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Hulu launched in 2017 the show The Handmaid’s Tale, based on Margaret Atwood‘s gripping novel. Now it’s our duty to talk about this work of art and recommend some similar shows that we’ve chosen with all our heart, just for you.
Adapted from Margaret Atwood’s novel, The Handmaid’s Tale, it’s the story of life in the Gilead dystopia. A totalitarian society where the United States used to exist. Ravaged by environmental disasters and a plummeting birth rate, Gilead is ruled by perverse fundamentalism that treats women as state property.
Offred (Elisabeth Moss), as one of the few remaining fertile women, is one of the maids in the Commander’s household and is part of the caste of women forced into sexual slavery as a last desperate attempt to repopulate a devastated planet.
In this terrifying society where any mistake can endanger her life, Offred desperately searches for the daughter who was taken from her, while trying to survive among commanders, their cruel wives, their fellow maids, and the women who control them. Anyone could be a government spy.
The power behind a brittle voice
A classic work of literature, showing us the dark reality of modernity
Bruce Miller (The 100) is the creator, screenwriter, and executive producer of this adaptation of the 1985 novel. Warren Littlefield (Fargo), Fran Sears, and Ilene Chaiken are also executive producers of this show produced and distributed internationally by MGM Television.
Hulu delivered the goods of this top-quality show for US streamers. The story captures you right from the start, where actress Elisabeth Moss plays Offred, a woman who finds herself trapped in a society with new values and rules, in which she is enslaved.
Through flashbacks, it becomes clear how she has arrived there, having radically changed her way of life. In order to survive, she must blindly obey and not express her ideas to anyone. Through voiceovers, Offred exposes her thoughts and tells part of the story.
The society that is presented seems to be a mixture of the Amish way of life, known mainly for its simple, traditional lifestyle, and that of the Islamic State, where women are second-class people, and non-compliance with the rules is severely punished. Opposing them are the Rebels, who want to reintroduce the lifestyle that existed before the environmental disasters.
Feminism emerges as a search for equality between men and women, it’s the opposition to a deep-rooted hierarchy that gives benefits and superiority to men over women. The Handmaid’s Tale presents us with a world in which feminism no longer exists, a world completely opposed to these ideas, where men are not only above women, but are the only authority.
Since it’s a dystopia, we can say that The Handmaid’s Tale is a call to feminism, a way to remember its importance and the value of equality between men and women.
After many years of fighting for women’s independence and rights, the women in The Handmaid’s Tale become slaves in a world they never believed could exist.
The Handmaid’s Tale’ is clearly a very dramatic show, in which we quickly empathize with the protagonist and feel the powerlessness of her situation, in which her decisions are the most correct to survive.
Even if it means accepting the horror of slavery, and blind obedience. It also shows us a possible pattern of the world, to which we are heading if we continue to devastate and pollute the planet.
Let’s talk about season 3
What is Offred’s future in Gilead? This and other questions are waiting to be answered. (Careful Spoilers)
The third season of The Maid’s Tale has not lived up to its first two seasons.
Sorry for the bad news.
The show has reached a point where it has finished telling the events narrated in Margaret Atwood’s novel and this becomes noticeable in the plot’s development, which at times becomes boring and meaningless.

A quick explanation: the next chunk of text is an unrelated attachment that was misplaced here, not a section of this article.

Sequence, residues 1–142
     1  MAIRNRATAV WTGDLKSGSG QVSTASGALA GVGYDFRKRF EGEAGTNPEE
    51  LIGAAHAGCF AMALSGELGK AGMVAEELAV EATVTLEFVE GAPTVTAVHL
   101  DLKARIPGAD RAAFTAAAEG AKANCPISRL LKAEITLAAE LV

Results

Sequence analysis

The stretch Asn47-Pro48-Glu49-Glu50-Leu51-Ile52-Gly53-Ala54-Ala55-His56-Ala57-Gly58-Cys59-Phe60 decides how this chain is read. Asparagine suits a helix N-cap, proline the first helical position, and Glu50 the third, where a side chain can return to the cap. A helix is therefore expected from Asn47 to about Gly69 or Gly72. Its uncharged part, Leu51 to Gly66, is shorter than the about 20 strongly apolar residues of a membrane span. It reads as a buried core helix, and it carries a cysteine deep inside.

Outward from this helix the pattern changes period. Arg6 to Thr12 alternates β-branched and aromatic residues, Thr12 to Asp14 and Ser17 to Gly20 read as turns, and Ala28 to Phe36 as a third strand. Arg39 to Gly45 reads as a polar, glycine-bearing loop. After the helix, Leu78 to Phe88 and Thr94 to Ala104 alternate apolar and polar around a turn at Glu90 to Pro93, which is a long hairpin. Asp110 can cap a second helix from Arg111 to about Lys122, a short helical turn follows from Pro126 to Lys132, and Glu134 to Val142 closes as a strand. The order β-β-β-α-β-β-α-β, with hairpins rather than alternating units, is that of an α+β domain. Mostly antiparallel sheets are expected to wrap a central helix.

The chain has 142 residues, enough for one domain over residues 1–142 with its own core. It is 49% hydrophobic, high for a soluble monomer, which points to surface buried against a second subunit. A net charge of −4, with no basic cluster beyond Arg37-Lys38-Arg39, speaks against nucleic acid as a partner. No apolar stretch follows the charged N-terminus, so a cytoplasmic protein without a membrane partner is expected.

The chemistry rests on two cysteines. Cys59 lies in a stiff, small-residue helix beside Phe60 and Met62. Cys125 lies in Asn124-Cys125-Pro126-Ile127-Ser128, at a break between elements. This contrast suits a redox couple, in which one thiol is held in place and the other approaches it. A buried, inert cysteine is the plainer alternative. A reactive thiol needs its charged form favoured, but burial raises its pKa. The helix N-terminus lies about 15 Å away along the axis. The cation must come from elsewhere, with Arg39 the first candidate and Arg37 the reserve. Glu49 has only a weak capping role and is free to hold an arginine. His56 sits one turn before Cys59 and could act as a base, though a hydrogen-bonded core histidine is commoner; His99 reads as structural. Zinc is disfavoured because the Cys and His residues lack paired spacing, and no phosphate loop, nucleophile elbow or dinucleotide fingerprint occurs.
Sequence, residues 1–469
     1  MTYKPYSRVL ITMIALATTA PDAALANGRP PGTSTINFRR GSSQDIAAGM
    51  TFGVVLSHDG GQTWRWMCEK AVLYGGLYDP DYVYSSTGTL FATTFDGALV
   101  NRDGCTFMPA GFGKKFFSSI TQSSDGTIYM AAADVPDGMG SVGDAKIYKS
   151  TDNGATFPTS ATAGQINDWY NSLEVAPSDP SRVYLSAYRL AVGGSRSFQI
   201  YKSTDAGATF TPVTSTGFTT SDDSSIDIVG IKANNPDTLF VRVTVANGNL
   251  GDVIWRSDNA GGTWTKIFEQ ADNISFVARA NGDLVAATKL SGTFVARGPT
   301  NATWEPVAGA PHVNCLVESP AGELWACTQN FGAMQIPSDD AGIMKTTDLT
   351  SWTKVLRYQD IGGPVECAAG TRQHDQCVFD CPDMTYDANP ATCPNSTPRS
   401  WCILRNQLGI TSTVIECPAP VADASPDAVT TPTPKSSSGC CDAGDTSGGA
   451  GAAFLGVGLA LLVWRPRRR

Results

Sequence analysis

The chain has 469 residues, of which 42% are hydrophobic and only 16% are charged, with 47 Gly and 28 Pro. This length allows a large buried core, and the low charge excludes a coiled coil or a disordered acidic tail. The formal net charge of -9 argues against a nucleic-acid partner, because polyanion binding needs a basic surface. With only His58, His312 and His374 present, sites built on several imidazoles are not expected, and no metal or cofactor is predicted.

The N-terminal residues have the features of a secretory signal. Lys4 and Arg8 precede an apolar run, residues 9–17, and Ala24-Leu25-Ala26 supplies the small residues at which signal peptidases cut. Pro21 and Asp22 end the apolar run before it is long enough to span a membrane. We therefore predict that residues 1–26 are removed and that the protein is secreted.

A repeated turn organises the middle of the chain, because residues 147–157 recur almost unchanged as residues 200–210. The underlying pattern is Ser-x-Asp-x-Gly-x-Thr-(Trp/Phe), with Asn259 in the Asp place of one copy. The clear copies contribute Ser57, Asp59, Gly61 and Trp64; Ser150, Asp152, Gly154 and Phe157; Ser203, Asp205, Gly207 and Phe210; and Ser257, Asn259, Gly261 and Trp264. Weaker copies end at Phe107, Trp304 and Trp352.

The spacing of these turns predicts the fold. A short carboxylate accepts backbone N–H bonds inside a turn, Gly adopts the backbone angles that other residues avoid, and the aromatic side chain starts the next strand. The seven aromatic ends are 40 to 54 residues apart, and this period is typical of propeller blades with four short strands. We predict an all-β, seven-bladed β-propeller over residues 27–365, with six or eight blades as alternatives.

Offred’s character is becoming more powerful within Gilead, whose disrespect and continuous rebellious actions go unpunished and this contradicts what was told in previous seasons where every action outside the protocol had a punishment and nobody escaped from it.
Offred’s desperation leads her to devise a plan to smuggle more than 50 children out of Gilead. With the help of the Marthas, they get these children safely to Canada. We know that Offred won’t leave until she manages to find her daughter Hanah, and we’ll have to wait at least one more season.
The third season of The Handmaid’s Tale suffers, like many others, from stretching the plot more than it should. Although it’s true that the performance level continues to be excellent in all senses, we can’t ignore the point made above, which is that as they say, good things come in handy when they are twice as good.
The Handmaid’s Tale is one of the few stories that not only revolutionize television but also our own perspective. Its profound realism enhances the social commentary of a society that is currently approaching the dangers that the show depicts.
But thank goodness that the world (for now) continues to provide us with shows that question our thoughts and philosophy. That’s why we had to list a few and give you that opportunity to discover more “beautiful” dystopian worlds, canned in shows of the highest order.
A Jawbreak of Reality
Indeed, the list of shows, movies, and books to watch is immense and increases proportionally to our cultural stress (call it first world drama). Watching seven seasons of twelve one-hour chapters each makes us lazy. But with Black Mirror there are no excuses.
Seasons of three and six self-concluding chapters of between 40 minutes and one hour, episodes without a plot continuity that are enjoyed both separately and in a serious marathon. But stories full of tension, anguish, doubts, fear, and reflection.
Black Mirror has been described by many as a masterpiece of television. Its format and style take a step forward and surprise us chapter after chapter. Each of its episodes shows with cruel originality the dangers of technology in society from different perspectives.
With this critical background, the different faces of a tragic world not far from ours are explored. Something that excites us as much as it irritates us.
As Hobbes’ homo homini lupus predicted, man is made to destroy himself. Existential nihilism gets a lot of attention nowadays, but here there is no need to get philosophical like Detective Rust Cohle in True Detective. Charlie Brooker and his Black Mirror show the dark side of humanity with more deeds and fewer words.